Pitsligo Castle
Pitsligo Castle
An imposing ruin of an early 15th century tower house, Pitsligo was built around 1424 by the Fraser family of Philorth. Ownership later passed to the Forbes family of Druminnor, and it was they who extended the castle to roughly its current layout.
History
In 1633 Alexander, the 8th laird, was named Lord Fobes of Pitsligo by an Act of Pariament. Lord Forbes built the nearby kirk, with a wonderful laird's loft over a family burial vault. In 1635 he turned his attention to the castle, greatly enlarging the medieval tower with ranges of buildings around a courtyard. The 2nd Lord finished his father's work, creating a luxurious residence with opulent interiors. Every window was glazed - a measure of just how much wealth the laird lavished on his new home, with becae one of the finest residences in north-east Scotland.

Like so many historic houses in the area, the fate of Pitsligo hung in the balance during the Jacobite uprisings in the 18th century. The last Forbes of Pitsligo, another Alexander, supported both the '15 Rising and Bonnie Prince Charlie's 1745 rebellion. After the Stuart defeat at Culloden, Forbes was forced to flee for his life. He was declared an outlaw, with a price on his head, but though he lived on the run until his death by natural causes in 1762, he was never betrayed to the government soldiers who sought him. Unfortunately, while Fraser was an outlaw Pitsligo was siezed by the crown.

The stair tower
The stair tower
The castle was sacked by King George's troops, and allowed to decay, becoming little more than a crumbling ruin. Then in 1989 a descendent, publishing magnate Malcolm Forbes, purchased the castle estate and restored the fortress - if not to its former grandeur, at least to the point where it was no longer in danger of falling down. After Forbes died in 1995 the castle passed to the Pitsligo Castle Trust, a charity group who also maintain the historic kirk nearby and are developing a Scottish Heraldry Centre and Jacobite museum.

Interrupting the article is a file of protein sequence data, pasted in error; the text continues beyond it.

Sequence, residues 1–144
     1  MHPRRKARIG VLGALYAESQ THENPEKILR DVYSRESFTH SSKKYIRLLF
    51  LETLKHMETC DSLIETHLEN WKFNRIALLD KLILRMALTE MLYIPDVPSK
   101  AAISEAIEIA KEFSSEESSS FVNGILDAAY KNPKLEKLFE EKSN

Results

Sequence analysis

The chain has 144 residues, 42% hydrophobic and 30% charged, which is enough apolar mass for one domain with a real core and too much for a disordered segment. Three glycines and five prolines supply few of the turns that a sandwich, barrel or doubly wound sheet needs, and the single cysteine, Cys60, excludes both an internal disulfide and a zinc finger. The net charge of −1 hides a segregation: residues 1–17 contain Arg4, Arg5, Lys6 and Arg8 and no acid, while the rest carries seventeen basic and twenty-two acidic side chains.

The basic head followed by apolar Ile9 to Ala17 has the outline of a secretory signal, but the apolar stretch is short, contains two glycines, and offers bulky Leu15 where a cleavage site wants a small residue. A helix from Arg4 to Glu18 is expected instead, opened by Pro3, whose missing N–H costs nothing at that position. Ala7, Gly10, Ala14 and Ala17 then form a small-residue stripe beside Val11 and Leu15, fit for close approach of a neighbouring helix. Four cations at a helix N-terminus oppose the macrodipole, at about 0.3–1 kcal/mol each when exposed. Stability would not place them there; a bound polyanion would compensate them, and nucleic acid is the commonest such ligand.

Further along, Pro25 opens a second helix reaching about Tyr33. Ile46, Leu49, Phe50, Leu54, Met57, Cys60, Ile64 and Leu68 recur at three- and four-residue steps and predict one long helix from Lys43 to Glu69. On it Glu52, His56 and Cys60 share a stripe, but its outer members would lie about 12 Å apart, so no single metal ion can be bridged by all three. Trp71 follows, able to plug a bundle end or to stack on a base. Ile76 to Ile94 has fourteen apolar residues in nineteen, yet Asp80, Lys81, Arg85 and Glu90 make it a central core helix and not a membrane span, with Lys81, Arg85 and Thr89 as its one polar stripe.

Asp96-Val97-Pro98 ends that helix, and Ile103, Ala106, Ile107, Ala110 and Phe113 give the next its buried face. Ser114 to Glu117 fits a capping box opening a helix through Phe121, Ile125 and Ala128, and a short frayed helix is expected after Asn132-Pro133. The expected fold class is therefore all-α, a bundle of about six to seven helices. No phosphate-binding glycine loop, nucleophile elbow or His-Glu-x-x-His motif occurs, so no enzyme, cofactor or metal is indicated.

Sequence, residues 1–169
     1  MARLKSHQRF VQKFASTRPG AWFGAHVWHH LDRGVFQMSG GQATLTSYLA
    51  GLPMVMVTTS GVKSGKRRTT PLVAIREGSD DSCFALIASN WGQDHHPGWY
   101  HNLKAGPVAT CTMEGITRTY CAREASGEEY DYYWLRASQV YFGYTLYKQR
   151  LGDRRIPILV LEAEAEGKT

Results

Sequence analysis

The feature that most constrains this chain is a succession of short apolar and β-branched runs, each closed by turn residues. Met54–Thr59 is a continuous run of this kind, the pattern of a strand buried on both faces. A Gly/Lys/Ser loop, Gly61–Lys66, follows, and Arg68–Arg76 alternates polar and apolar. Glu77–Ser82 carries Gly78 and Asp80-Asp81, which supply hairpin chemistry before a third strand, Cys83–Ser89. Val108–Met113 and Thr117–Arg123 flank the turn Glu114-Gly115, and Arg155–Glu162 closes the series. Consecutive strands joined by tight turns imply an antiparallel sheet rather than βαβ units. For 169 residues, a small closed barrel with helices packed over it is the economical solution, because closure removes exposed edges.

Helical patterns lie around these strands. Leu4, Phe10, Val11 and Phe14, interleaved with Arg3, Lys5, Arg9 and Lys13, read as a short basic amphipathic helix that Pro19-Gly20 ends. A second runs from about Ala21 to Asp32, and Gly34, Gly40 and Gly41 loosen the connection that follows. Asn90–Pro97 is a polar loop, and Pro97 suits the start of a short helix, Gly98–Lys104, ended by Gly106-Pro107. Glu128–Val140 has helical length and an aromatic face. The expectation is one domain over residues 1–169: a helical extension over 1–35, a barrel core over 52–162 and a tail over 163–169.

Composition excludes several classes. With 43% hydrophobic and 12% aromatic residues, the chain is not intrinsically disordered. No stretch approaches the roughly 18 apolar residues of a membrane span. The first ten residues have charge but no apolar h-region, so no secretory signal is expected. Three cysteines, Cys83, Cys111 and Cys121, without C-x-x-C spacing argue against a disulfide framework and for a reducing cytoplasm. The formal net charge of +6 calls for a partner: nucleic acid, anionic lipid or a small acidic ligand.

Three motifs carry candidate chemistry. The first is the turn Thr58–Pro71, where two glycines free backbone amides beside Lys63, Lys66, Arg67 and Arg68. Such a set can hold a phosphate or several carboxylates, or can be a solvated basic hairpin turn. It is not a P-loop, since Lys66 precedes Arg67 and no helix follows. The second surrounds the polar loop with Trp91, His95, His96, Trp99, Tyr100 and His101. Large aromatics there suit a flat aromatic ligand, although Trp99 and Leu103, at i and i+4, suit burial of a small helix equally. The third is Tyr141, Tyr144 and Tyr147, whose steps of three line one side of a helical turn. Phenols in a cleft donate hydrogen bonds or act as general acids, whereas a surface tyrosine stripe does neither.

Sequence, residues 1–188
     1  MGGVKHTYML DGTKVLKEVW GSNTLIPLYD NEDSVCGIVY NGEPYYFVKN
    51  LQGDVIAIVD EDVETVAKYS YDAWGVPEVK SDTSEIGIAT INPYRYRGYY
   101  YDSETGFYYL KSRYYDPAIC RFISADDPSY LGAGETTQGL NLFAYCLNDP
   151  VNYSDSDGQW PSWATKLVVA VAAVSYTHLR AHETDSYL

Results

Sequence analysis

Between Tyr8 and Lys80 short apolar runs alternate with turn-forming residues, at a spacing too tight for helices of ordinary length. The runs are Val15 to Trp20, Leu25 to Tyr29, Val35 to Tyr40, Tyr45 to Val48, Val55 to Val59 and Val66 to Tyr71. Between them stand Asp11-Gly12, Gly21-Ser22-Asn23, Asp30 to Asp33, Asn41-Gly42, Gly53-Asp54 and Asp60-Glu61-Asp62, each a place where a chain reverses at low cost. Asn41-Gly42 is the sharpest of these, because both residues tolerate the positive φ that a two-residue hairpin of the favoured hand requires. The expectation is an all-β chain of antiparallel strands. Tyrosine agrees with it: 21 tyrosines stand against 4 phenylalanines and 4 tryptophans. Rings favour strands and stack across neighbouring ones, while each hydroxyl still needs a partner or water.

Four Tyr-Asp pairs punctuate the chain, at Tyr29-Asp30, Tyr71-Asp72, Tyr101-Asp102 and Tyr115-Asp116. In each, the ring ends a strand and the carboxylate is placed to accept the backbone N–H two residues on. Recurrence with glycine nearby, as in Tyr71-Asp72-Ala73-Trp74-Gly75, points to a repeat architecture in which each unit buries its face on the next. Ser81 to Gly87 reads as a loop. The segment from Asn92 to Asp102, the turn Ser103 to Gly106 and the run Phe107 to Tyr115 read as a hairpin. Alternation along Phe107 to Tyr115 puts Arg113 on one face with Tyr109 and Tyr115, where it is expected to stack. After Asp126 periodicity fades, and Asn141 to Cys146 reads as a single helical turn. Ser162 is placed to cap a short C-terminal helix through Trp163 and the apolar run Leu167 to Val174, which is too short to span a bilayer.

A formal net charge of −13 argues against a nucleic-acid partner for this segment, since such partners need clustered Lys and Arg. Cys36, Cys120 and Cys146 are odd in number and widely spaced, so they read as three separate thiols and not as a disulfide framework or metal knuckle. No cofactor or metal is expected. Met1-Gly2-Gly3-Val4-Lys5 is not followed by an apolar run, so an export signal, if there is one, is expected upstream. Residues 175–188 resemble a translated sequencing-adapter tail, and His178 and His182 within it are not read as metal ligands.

What to See
Though still a partial ruin, the castle has a wealth of architectural details, including a number of heraldic carvings, incorprating arms of both the Fraser and Forbes families, which can be seen over doorways in several places. There are 2 panels on the stair tower. One, made in 1577, bears the royal Stuart coat of arms. The second, made in 1603, shows the Great Britain arms, marking the accession of James VI to the English throne. On the west front of the castle is a more personal coat arms, showing the arms of the 2nd Lord Forbes and his wife Mary Erskine, daughter of the Earl of Buchan. This was erected in 1663 to mark the completion of the 2nd Earl's expansion of the castle.

Visiting
Pitsligo is an open site, and there is room to park along the verge quite easily. There is a short, level walk to the castle, and the path can be muddy after rain, so wear good footwear.  When I visited, the castle ruins were quite obviously in need of repair, though it was equally obvious that quite a bit had already been done. The ongoing work of the Pitsligo Castle Trust should make this an extremely enjoyable historical experience. If you look across the farm fields to the east of the castle you can see the ruins of another tower house, Pitullie Castle.

1577 Scottish arms
1577 Scottish coat of arms
1603 Great Britain coat of arms
1603 Great Britain coat of arms
Inside the courtyard entrance
Inside the courtyard entrance